Want to trounce the stock market by 916% (or more) over the next year?
If so, I’ve got some advice for you:
Don’t invest in the stock market!
After all, if you invest like everyone else does, your returns will be average.
And who can afford to earn average returns? Especially when the stock market returns an average of just 6% per year.
At that rate, you might have to wait 50 years before you have enough to retire.
In order to do better than average — in order to beat the market by 916% (or more) — you need to look outside the market.
More specifically, you need to look at private equity.
The Most Profitable Investments of All Time
If you’re a longtime Crowdability reader, you know we’re not big fans of the stock market.
That’s because the biggest returns come from elsewhere:
They come from early-stage private investments.
For example, Google’s early private investors earned 3,000% on IPO day...
Facebook’s first investor pocketed 200,000% when the company went public…
And on average, a portfolio of private investments has historically returned 55% per year — to put that in perspective, that’s 916% higher than the stock market average.
There are extraordinary gains to be made in this market. However, until recently, these gains have been reserved for a small group of “insiders” — the professional investors known as venture capitalists, or VCs for short.
VCs are some of the wealthiest investors in the world.
And today, I’m going to introduce you to one of them… look at some of his most profitable investments....and show you how they’ve turned him into a billionaire.
And finally, I’ll show why his success is GREAT news for you!
“The Midas List”
Each year, Forbes Magazine publishes its “Midas List.”
Like old King Midas, the investors on this list supposedly have the gift of turning everything they touch into gold... in a proverbial sense, at least.
The folks on the Midas List are the top VCs in the country.
They’ve used their knowledge about technology and early-stage investing to turn tiny investments into millions — and sometimes billions — of dollars.
Take Chris Sacca as an example...
Chris is a VC. But he doesn’t live in a tech epicenter like Silicon Valley. Instead, he lives near Venice Beach in Los Angeles, California, and he spends a good part of his day just biking on the boardwalk.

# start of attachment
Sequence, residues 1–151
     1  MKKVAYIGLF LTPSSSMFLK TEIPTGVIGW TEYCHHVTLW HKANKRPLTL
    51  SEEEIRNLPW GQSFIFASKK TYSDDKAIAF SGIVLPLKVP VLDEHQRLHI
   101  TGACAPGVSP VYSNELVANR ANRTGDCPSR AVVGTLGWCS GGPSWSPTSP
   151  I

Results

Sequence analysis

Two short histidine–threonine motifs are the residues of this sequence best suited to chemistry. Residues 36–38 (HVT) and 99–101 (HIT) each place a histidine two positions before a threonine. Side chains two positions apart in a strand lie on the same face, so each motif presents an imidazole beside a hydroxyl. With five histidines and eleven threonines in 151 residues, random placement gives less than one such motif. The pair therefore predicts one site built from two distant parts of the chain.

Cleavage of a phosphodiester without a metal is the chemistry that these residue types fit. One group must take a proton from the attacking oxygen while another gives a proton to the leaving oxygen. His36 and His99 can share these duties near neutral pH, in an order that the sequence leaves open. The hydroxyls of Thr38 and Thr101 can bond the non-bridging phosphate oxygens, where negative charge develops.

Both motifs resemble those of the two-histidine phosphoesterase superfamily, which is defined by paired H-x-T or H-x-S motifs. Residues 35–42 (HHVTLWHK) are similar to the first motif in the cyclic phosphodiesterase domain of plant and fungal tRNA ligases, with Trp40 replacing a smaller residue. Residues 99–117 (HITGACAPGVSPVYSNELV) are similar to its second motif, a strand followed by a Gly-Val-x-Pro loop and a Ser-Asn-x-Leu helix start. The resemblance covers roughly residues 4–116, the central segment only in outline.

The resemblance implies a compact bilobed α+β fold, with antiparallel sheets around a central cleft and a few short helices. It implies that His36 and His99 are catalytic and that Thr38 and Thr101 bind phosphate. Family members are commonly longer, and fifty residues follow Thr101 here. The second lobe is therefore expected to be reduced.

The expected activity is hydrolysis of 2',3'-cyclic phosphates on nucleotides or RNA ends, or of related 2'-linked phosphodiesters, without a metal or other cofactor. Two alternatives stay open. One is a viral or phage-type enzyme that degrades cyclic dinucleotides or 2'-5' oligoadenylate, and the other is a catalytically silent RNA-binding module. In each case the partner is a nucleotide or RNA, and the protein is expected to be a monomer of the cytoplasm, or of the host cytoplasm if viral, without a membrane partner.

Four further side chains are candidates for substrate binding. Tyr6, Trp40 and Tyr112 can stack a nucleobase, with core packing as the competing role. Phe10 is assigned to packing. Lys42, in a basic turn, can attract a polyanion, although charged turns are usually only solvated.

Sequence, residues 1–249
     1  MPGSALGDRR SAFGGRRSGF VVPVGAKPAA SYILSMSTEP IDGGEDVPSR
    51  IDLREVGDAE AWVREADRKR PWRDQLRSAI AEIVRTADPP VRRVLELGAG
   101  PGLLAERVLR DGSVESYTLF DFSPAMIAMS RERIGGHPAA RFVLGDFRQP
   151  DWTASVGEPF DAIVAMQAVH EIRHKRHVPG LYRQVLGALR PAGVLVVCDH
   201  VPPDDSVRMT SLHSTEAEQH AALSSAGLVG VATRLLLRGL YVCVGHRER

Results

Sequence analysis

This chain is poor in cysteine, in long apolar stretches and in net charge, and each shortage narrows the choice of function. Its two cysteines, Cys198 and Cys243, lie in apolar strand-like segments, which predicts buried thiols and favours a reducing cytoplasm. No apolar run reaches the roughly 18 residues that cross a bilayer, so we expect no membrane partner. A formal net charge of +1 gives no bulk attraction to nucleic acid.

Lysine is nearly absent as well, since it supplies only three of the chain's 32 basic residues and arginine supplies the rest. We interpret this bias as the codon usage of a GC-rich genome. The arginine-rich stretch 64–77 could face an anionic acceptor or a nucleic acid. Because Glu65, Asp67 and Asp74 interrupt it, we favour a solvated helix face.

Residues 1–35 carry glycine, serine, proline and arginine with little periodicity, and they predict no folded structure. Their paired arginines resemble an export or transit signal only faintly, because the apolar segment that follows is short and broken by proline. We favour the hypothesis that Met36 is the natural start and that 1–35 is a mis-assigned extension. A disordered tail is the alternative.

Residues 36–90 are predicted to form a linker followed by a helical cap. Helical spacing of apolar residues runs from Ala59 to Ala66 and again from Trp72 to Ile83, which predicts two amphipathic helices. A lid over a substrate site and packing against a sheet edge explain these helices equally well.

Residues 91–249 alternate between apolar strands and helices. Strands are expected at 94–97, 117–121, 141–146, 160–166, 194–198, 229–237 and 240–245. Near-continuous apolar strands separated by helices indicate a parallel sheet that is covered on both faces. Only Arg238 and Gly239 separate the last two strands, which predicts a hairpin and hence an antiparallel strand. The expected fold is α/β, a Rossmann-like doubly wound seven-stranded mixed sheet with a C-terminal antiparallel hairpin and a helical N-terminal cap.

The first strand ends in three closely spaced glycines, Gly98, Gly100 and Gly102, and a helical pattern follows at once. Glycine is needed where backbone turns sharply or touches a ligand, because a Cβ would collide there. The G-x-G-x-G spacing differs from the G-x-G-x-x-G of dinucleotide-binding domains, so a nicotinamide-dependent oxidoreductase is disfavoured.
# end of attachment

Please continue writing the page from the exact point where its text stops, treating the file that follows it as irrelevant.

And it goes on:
But Chris is no beach bum. He proved himself to be an astute investor by investing in a series of early-stage deals that became massive home runs.
For example, he backed Twitter and Instagram when they were just tiny startups.
Twitter went on to become a multi-billion dollar publicly traded company…
And Instagram was taken over by Facebook for $1 billion just two years after it launched.
Through his venture fund, he also owns multi-billion-dollar stakes in other high-flying ventures like Uber and Stripe.
Nine years ago, Sacca was essentially worth nothing. Today, Forbes pegs his net worth at roughly $1.2 billion.
In addition to Sacca, there are roughly 10 other VC billionaires on the Forbes list — and here’s why that’s so important for you...
If They Make Money, Their Investors Make Money
Venture Capitalists don’t invest their own money.
Instead, they raise money from others — generally, ultra-rich individuals and institutions — and they manage that money by investing it.
VCs earn their living by taking a cut of the profits they generate. Generally, they take 20% of the profits. So if they don’t make big money for their investors, they don’t make big money for themselves.
But when they do make money for their investors, they can do extraordinarily well…
For example, in order for Sacca and the 10 other VC billionaires on the Forbes list to be worth $1 billion each, they had to make at least five times that amount — $5 billion — for their investors!
Good News and Bad News
This explains why the ultra-rich love investing in venture capital funds:
They can put up relatively small amounts of money — and watch it turn into a fortune.
Unfortunately, you’ve been left out of this profit bonanza.
For one thing, for the past 83 years, only extremely wealthy investors were legally allowed to invest in venture funds.
But that’s all changed now. Thanks to a new set of laws known as The JOBS Act, for the first time in nearly a century, all investors can now invest in venture capital.
That being said, other hurdles are still keeping you out of this lucrative asset class. For example, the minimum investment to get into one of these funds is generally six to seven figures…
So at a minimum, it’ll cost you at least $100,000 just to get your foot in the door!
Also, because of their stellar performance, getting into these funds is fiercely competitive…
So unless you have a connection to someone on the inside, there’s no way an ordinary individual investor is getting into one of these funds.
Your Chance to Profit Like a Venture Capitalist
Matt and I have been busy working on a special project…
It’s a way for you to get access to a new type of “venture capital fund.”
But with our project, there are no high investment minimums…
And you don’t need any “inside connections.”
We’ll explain more next week — so stay tuned!